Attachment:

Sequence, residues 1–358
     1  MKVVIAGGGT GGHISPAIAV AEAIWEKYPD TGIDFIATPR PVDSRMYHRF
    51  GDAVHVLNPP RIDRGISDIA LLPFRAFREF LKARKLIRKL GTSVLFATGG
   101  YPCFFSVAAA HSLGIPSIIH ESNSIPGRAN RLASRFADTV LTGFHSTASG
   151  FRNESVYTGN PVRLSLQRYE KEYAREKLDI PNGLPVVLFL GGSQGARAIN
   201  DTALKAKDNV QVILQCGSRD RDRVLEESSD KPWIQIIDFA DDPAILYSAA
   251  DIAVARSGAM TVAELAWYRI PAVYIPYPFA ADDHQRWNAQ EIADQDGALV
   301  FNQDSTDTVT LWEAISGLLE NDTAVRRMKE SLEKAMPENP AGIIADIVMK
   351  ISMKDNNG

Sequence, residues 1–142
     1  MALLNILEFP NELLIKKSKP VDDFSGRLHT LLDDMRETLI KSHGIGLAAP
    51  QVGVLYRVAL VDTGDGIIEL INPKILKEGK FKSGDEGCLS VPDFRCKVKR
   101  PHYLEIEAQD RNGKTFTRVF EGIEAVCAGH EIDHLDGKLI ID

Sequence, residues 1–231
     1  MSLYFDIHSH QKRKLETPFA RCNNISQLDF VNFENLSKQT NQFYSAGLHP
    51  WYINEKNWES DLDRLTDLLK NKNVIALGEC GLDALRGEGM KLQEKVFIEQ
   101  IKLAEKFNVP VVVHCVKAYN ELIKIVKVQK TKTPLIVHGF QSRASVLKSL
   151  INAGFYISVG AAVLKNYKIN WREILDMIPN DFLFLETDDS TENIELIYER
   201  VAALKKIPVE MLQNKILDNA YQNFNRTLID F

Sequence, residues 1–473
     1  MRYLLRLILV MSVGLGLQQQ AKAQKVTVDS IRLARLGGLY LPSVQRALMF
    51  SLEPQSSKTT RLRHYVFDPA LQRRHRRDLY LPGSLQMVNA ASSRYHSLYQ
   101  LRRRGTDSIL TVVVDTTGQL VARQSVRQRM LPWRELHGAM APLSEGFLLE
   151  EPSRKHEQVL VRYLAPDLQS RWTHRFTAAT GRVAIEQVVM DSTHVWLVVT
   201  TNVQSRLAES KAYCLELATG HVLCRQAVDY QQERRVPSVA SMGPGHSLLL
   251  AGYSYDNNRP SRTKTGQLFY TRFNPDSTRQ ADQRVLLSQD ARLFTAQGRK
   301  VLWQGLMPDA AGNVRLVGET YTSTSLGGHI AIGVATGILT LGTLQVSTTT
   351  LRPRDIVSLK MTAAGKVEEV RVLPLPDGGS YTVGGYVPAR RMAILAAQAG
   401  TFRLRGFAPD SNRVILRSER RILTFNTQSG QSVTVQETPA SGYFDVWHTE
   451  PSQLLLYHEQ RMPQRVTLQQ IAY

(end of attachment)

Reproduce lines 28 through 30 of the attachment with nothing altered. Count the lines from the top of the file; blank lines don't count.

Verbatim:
   351  LRPRDIVSLK MTAAGKVEEV RVLPLPDGGS YTVGGYVPAR RMAILAAQAG
   401  TFRLRGFAPD SNRVILRSER RILTFNTQSG QSVTVQETPA SGYFDVWHTE
   451  PSQLLLYHEQ RMPQRVTLQQ IAY